Energy & Commerce Hearing: Rep. Markey Waves the Flag

by Marlo Lewis on February 9, 2011

in Blog, Features

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Rather than address the real issue of the hearing, namely, whether Congress or EPA should determine the content and direction of national policy, Rep. Ed Markey (D-Mass.) accuses supporters of the Energy Tax Prevention Act of working to “disarm” America in the war on terror.

He reasons as follows. EPA greenhouse gas (GHG) regulations would limit U.S. oil consumption, hence reduce imports of foreign oil. That in turn would reduce the quantity of petrodollars flowing to the Mideast, which in turn would reduce Mideast governments’ support for Al Qaeda. Therefore, any bill blocking EPA’s regulation of GHG emissions from, say, heavy trucks, is objectively pro-Al Qaeda and can only be explained by the greediness of Oklahoma oilmen.

This is horsefeathers on many levels.

First, stopping EPA would not affect U.S. oil imports one iota over the next five years. EPA’s proposed GHG standards for heavy-duty (HD) vehicles are indentical in all but name with the National Highway Traffic Safety Administration’s (NHTSA’s) proposed HD-vehicle fuel-economy standards. That’s why the two agencies proposed their standards in one and the same rulemaking. NHTSA has separate authority to set fuel-economy standards for HD vehicles from the 2007 Energy Independence and Security Act (EISA). The Energy Tax Prevention Act would have no effect on NHTSA’s authority or plans.

More importantly, EPA and NHTSA’s joint greenhouse gas/fuel economy standards for heavy trucks would provide no detectable national security benefit even if one regards oil imports as a serious threat to U.S. national security.

The agencies estimate that their GHG/fuel economy standards for diesel trucks will reduce oil imports by 0.177 million barrels per day (bpd) in 2020 — about 65 million barrels lower than the baseline projection for that year (p. 74325).  The U.S. imported 4,267 million barrels in 2009,  so the rule would avoid the equivalent of about 1.5% of current oil imports.

Note that oil demand and imports may fluctuate by substantially more than that from year-to-year. For example, from 2008 to 2009, U.S. oil imports declined by 460 million barrels. Has this fluctuation materially weakened Al Qaeda, the Iranian Mullahs, or the Taliban? If not, then why should they be hurt by the much smaller import reduction EPA and NHTSA are planning?

Although some petrodollars sent overseas undoubtedly trickle down to terrorist groups, there is no empirical evidence that fuel economy standards protect America from terror. As Cato Institute scholars Jerry Taylor and Peter van Doren found, there is no correlation between oil profits and Islamic terror:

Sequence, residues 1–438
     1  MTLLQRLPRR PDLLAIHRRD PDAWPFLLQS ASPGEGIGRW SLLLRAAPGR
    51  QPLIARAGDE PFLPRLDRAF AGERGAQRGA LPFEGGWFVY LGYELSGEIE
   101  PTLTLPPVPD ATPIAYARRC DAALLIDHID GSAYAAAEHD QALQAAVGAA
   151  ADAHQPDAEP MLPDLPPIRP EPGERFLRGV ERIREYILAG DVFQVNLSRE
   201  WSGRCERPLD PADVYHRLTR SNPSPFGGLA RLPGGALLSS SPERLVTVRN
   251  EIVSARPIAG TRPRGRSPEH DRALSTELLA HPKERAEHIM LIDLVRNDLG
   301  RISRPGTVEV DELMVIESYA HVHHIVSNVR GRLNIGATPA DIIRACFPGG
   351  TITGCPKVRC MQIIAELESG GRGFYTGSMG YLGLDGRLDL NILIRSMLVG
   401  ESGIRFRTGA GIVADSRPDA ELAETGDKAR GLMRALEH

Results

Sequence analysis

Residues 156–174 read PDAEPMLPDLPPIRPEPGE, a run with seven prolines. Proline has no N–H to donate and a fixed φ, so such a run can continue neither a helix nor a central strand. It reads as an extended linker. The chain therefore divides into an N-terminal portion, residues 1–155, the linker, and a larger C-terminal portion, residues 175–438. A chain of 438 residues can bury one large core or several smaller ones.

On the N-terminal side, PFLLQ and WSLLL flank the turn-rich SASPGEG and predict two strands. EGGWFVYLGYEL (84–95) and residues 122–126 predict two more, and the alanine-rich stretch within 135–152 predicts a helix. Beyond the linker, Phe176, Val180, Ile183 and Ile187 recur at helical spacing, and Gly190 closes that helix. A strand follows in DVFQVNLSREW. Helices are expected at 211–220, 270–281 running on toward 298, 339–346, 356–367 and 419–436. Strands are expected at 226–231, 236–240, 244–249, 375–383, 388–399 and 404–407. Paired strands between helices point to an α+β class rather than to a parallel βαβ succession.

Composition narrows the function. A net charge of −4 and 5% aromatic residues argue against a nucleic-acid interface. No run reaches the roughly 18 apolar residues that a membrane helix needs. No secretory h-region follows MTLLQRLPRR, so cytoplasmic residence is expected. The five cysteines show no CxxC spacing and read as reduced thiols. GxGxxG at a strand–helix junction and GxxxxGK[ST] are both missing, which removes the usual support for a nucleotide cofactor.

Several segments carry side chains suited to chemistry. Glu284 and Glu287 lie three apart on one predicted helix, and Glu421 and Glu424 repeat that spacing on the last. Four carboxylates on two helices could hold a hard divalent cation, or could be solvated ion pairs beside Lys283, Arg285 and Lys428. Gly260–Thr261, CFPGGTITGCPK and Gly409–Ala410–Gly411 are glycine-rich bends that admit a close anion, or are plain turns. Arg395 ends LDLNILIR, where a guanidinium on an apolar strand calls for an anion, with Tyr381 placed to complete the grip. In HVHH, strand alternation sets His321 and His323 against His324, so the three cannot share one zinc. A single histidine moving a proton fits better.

We estimated two regressions using annual data from 1983 to 2005: the first between fatalities resulting from Islamic terrorist attacks and Saudi oil prices and the second between the number of Islamic terrorist incidents and Saudi oil prices. In neither regression was the estimated coefficient on oil prices at all close to being significantly different from zero.

In reality, the relationship between national security and oil import dependence is far from clear. Net oil imports account for well over half of current U.S. petroleum consumption. The EPA/NHTSA proposed rule will not get us even close to where things stood in 1973, when oil imports accounted for 35% of U.S. consumption (see Figure 2.2 of this report).

A few simple questions should help put things in perspective: Was 1973 a good year for peace in the Middle East?  Was it a time when OPEC was a shy and retiring actor on the world stage?  Was it an innocent age that knew not hijackings, bombings, and the rise of international terror organizations?  No, no, and no. The notion that EPA and NHTSA can make America safer by engineering a downtick in U.S. petroleum imports defies history and logic. For more on this topic, see my colleague Iain Murray’s essay, A Free Market Approach to Energy Security.

Mr. Markey employs an old rhetorical trick. When you can’t refute your opponent’s argument on the merits, change the subject and pretend that the debate is about something else. Markey can’t refute the proposition that Congress, not EPA, should make climate policy. He can’t refute the proposition that Congress never intended for the Clean Air Act to be a framework for climate policy, and never subsequently voted to use the Act as such a framework. So instead he tries to turn the hearing into a debate on whether real Americans support or oppose Islamic terror. Dr. Samuel Johnson had some pithy words about rhetoric of this sort.

emmaliza February 9, 2011 at 2:52 pm

Thanks for this info. Having just read this week's online Washington Examiner's expose' of the collusion and corruption of politicians by rich green environmental lobbies, along with the report of millions of tax dollars funding their efforts to destroy modern life, it appears Waxman is one of their bought-and-paid-for politicians, along with the current president.

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